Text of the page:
We're on to our
last approach pattern.
And we've got three good ones.
We've got the first one we
learned which is chromatic from,
double chromatic from above
to chromatic from below.
We've got the second one we learned
double chromatic from below to note from
And we have the next one which we
learned which was note from above to
Those are the three right back to back.
And the last one as you might imagine is
to double chromatic from above.
depending on where I am in the scale, for
example, if I'm
approaching the A on our C minor.
and you can do it either way, but
I often reach for
the next available scale tone up there.
So that's it, that completes our little
circle of four approach patterns.
There they are approaching the C and
the G, the root and
fifth of whatever chord we're at.
See there I made a choice to instead of
which is actually kind of a nice sound
because it gives you two half step
resolutions down into your target.
That sounds kind of more exotic than it
Let's say we're on a C minor 7 chord.
You hear it all the time and
you might even be playing it without
thinking about it, but, there it is.
So what I would do is take any
tune you're working on and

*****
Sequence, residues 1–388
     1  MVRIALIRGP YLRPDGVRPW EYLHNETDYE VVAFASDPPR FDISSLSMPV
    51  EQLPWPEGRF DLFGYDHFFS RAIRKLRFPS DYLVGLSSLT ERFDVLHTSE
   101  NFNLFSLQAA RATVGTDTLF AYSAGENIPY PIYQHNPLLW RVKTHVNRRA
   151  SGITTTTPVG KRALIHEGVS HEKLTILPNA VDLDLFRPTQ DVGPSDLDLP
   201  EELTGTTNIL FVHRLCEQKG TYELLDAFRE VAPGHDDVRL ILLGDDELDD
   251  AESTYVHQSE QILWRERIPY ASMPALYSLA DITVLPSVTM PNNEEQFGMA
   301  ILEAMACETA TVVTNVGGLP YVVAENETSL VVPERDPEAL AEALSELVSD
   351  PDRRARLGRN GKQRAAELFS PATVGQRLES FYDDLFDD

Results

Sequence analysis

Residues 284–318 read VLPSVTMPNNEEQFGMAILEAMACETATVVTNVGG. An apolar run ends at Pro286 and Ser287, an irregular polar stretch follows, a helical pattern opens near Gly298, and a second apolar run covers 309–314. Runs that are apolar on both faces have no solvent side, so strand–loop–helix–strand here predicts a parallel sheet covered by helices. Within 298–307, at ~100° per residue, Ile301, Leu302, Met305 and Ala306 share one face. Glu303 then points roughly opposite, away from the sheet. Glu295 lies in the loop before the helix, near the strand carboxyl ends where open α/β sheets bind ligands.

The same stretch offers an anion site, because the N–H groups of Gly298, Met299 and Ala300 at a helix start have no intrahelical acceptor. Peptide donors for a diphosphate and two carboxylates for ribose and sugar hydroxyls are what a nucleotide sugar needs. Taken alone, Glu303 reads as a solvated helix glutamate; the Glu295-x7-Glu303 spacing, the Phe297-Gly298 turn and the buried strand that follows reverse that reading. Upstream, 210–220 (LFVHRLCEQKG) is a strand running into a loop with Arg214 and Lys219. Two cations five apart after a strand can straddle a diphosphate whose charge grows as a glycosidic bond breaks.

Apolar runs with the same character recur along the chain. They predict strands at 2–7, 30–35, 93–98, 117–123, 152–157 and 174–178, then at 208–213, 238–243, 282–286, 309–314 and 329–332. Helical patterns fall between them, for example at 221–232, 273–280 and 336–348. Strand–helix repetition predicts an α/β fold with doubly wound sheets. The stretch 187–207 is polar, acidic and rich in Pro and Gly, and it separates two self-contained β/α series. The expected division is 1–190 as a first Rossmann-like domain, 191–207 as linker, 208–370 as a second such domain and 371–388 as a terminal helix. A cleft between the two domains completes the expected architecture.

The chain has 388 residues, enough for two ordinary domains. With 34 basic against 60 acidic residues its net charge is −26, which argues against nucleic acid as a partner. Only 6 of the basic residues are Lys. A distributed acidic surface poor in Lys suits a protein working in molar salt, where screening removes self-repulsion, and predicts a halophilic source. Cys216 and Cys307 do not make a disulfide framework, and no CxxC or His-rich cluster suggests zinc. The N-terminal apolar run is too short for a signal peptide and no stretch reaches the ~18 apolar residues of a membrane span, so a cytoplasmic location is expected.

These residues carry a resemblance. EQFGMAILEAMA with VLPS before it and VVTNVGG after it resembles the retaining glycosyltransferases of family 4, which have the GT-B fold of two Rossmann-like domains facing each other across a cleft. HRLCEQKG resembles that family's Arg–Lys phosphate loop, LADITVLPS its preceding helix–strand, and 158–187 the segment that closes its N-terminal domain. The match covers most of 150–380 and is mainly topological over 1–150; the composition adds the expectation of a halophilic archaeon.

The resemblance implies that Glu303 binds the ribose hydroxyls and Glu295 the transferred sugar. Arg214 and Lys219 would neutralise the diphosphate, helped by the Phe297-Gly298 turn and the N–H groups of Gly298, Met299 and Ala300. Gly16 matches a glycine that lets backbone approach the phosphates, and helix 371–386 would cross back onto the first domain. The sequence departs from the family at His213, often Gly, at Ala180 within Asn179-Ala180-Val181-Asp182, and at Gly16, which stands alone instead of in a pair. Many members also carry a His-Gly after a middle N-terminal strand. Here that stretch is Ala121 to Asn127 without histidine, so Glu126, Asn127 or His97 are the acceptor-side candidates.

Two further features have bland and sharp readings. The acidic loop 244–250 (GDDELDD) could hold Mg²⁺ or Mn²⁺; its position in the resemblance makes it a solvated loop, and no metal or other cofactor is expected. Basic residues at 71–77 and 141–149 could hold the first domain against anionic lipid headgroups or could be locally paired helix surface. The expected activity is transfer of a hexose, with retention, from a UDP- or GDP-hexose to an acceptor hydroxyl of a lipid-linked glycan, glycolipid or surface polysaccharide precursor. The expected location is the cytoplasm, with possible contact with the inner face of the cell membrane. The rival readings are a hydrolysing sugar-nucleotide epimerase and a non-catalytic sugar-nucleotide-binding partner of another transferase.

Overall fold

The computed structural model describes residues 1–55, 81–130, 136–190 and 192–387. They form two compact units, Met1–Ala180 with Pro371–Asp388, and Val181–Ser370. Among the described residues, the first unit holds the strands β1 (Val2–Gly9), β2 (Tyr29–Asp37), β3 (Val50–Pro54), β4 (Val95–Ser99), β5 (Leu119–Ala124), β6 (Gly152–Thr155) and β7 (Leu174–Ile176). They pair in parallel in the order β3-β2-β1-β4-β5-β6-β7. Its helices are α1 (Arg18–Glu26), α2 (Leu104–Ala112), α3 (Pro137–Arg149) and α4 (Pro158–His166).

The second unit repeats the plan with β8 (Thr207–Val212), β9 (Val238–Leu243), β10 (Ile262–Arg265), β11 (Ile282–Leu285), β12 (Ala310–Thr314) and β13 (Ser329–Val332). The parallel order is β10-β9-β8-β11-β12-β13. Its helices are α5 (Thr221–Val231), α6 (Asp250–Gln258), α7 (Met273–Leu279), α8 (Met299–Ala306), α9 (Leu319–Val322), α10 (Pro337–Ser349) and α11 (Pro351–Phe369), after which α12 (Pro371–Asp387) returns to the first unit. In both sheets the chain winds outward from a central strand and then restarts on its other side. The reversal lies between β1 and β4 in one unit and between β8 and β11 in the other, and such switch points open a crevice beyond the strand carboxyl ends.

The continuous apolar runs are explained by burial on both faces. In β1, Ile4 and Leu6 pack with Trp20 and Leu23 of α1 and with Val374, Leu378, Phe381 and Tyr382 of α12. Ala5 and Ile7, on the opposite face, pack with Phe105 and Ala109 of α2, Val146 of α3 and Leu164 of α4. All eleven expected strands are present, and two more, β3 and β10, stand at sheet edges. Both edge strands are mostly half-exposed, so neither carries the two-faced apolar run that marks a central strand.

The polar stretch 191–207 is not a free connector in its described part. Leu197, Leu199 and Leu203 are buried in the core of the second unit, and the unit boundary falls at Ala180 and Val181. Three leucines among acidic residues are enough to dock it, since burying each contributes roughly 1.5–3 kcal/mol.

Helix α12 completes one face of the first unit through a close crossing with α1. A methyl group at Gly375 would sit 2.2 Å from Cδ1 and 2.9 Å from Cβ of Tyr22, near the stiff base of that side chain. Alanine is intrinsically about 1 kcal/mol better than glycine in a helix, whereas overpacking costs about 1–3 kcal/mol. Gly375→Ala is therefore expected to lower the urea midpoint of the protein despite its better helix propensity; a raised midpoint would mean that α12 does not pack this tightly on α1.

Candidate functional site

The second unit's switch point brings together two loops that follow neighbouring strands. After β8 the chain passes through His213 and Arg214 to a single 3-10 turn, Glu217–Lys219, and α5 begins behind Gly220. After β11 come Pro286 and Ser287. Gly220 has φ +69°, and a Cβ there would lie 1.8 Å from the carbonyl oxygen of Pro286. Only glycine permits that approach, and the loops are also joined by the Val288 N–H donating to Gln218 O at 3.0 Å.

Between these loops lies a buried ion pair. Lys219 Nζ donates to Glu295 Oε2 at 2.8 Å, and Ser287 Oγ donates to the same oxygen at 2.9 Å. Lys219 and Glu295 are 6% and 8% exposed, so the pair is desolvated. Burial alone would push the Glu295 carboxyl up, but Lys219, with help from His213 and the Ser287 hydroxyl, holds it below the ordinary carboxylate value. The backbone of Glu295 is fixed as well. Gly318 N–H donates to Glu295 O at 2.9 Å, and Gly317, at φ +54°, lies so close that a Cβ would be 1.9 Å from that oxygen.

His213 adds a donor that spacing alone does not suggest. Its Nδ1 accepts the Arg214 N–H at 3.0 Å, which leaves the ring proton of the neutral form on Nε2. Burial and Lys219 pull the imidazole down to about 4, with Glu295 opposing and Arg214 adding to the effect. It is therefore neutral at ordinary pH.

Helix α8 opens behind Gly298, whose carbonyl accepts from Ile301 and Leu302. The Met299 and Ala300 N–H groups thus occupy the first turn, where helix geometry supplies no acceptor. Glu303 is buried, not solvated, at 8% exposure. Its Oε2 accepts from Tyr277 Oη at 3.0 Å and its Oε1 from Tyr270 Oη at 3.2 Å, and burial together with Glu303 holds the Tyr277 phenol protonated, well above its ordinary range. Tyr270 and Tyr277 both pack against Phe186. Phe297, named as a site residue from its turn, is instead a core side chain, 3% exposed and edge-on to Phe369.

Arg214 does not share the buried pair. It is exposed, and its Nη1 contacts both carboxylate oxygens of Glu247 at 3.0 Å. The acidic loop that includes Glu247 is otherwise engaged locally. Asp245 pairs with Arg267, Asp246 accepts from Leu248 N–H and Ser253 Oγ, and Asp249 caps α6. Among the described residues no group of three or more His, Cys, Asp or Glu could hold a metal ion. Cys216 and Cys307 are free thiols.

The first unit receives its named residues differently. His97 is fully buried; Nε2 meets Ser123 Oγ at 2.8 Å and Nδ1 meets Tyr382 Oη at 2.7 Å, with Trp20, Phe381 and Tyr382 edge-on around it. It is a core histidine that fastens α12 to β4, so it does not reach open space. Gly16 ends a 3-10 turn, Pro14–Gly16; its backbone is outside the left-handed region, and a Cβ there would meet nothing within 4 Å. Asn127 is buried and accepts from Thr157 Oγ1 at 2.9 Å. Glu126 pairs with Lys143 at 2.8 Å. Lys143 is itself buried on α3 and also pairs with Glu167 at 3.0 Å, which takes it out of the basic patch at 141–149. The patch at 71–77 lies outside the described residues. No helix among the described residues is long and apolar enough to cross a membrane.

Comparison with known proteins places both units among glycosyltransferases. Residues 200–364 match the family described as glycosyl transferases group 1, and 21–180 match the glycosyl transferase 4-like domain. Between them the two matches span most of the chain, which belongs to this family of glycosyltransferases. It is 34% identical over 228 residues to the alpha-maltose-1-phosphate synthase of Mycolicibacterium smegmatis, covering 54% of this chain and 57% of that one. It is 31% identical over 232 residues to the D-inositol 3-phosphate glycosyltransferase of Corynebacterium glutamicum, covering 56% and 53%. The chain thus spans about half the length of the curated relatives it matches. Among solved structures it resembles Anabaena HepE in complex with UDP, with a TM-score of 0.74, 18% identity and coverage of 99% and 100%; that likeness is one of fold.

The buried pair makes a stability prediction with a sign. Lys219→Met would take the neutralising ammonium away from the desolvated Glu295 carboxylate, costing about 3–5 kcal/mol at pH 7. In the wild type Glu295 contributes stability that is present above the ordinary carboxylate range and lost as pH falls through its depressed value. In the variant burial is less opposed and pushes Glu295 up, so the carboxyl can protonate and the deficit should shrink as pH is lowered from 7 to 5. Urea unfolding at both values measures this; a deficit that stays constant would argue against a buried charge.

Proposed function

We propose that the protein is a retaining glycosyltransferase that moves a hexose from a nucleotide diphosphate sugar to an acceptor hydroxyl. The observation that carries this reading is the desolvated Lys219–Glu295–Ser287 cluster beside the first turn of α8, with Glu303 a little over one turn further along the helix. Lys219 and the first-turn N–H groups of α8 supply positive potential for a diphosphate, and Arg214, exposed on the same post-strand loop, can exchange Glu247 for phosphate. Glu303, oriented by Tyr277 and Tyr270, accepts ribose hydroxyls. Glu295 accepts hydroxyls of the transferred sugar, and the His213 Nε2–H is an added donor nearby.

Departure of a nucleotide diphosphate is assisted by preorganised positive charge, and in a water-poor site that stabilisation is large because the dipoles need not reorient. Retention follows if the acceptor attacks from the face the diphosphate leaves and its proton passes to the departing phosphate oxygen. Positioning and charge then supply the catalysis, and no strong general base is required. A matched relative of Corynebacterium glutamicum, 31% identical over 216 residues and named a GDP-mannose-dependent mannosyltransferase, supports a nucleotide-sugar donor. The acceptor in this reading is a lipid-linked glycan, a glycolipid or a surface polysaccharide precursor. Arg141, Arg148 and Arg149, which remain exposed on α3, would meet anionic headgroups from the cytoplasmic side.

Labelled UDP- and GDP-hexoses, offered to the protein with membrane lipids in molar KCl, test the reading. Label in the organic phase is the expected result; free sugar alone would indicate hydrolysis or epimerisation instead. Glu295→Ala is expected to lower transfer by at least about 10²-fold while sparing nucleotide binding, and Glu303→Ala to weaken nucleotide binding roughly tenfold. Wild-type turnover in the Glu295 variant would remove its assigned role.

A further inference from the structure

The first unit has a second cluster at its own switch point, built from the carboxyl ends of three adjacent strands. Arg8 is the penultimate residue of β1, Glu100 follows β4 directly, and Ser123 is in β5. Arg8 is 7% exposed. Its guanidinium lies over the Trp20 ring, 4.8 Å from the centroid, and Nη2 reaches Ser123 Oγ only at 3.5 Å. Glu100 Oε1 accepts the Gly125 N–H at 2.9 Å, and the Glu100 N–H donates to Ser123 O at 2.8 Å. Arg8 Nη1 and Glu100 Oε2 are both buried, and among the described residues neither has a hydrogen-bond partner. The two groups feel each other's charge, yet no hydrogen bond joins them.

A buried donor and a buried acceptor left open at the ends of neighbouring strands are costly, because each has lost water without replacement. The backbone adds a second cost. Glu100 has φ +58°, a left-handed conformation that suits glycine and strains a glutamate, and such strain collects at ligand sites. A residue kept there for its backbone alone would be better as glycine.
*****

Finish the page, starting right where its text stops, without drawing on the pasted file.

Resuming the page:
as a way of getting this in there,
there's our tune up.
Approach the root
in the fifth and then
like that to the third and seventh.
Although since this is a minor six chord,
we wanna be approaching the C sharp.
And then hit the A7,
the next chord in your tune.
as I've said,
That sounds less strange to me than that,
on the other hand,
strange isn't a bad thing in jazz.
And then here's our D major seven chord.
Let's, yeah let's approach it that way.
I'm using the scale tone again,
going to the A
And we want this as part
of our vocabulary too.
You can really make such a great
bebop line, just skipping around
between the approach pattern as I've
illustrated many times in the past.
Work that in.
Get that going with your pentatonic
scales, as we've been doing.
Get it going with your bop scales, and
I'll see you for the next lesson.